An economist's invisible hand
11/29/09   Economics
"At the Heavenly Models home for deceased economists, an award is being presented to the resident whose work best explains financial crises, global warming, and other pressing issues of today. The favored candidates include John Maynard Keynes, the patron saint of stimulus programs; Hyman Minsky, an American disciple of Mr. Keynes who warned about the dangers of financial deregulation; and Milton Friedman, the late Chicago economist. (Mr. Friedman's free market principles are out of vogue, but Federal Reserve Chairman Ben Bernanke recently took his advice on how to prevent depressions by pumping money into the economy.) The winner's name, however, turns out to be much less familiar: Arthur Cecil Pigou"

An economics of magical thinking
09/23/09   Economics
"The unreasonableness of this standard of rationality helps to explain why macroeconomists of all camps and finance theorists find it hard to account for swings in market outcomes. Even more pernicious, despite these difficulties, their models supposedly provide a 'scientific' basis for judging the proper roles of the market and the state in a modern economy. But incoherent premises lead to absurd conclusions"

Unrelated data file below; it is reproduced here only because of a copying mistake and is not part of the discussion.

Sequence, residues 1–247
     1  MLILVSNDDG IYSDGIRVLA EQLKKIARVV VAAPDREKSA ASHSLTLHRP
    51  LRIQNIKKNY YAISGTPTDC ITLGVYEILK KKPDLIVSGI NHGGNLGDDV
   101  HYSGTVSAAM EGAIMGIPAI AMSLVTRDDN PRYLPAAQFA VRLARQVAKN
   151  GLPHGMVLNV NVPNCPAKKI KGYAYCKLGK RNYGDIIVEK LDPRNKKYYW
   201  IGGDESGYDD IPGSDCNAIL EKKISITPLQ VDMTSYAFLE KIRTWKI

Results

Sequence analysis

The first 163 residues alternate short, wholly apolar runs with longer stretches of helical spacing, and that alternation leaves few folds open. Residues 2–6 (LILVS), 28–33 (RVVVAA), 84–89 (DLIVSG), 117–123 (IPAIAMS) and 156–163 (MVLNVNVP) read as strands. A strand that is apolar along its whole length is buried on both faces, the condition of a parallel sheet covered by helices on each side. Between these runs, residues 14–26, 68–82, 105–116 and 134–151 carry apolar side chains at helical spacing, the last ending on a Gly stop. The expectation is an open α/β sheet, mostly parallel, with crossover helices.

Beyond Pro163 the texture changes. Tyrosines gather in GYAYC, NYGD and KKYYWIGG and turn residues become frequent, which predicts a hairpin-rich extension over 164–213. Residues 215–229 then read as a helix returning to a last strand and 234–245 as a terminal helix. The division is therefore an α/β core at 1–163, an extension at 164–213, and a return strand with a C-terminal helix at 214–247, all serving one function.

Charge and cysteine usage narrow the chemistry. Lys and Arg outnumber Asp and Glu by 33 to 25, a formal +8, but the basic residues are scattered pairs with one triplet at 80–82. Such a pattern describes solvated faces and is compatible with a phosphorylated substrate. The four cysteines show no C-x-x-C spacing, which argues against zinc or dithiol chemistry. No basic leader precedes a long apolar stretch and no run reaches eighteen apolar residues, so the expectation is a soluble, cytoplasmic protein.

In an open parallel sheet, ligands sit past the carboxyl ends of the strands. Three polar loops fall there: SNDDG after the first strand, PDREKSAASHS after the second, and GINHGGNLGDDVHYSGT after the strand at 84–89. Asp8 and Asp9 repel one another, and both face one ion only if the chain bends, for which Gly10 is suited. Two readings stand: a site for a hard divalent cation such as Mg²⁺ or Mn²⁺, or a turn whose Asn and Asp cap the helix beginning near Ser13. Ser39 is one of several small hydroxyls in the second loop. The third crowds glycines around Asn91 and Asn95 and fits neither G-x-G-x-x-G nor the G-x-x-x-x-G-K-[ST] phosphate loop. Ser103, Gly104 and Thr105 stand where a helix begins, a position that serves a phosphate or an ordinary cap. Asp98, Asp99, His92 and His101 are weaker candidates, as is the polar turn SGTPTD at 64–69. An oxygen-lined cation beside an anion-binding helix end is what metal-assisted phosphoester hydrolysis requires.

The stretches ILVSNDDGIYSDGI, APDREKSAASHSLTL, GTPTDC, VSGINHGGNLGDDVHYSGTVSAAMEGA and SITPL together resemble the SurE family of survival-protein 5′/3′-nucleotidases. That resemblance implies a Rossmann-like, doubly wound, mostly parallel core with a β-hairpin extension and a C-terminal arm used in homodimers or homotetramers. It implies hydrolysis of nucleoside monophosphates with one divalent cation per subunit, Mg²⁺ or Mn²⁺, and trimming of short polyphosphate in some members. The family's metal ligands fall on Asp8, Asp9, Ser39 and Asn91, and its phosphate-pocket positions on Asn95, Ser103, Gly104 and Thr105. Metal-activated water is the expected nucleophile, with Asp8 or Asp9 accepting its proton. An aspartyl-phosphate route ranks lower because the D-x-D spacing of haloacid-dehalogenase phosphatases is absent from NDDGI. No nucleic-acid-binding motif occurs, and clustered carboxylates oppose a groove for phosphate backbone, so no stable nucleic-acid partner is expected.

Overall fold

Macroeconomist says macroeconomics successful
09/18/09   Economics
"Macroeconomics is the triumph of hope over experience, and has been no more successful than sociology. I think it's great that some people are working on this, but let's not kid ourselves that there has been any progress. It is easy to think that merely because a lot of intelligent people have published peer reviewed articles, knowledge must be increasing. The bottom line is the data, and real time experience with macroeconomic models has been horrible as always. It is nice that some of the bad models of the past are now known to be wrong, but the set of wrong models is infinite, so that does not imply we are getting closer to the correct model merely by excluding more bad ones."

Krugman's critics go on the warpath
09/16/09   Economics
"If you are inclined to believe that government should steer clear of any intervention in the economy, or stand with partisans who lean to the right-wing side of political economy debates, then you will likely agree with Donald Luskin that John Cochrane's riposte to Paul Krugman's "How Did Economists Get It So Wrong?" is "devastating.""

Efficiency and beyond
09/05/09   Economics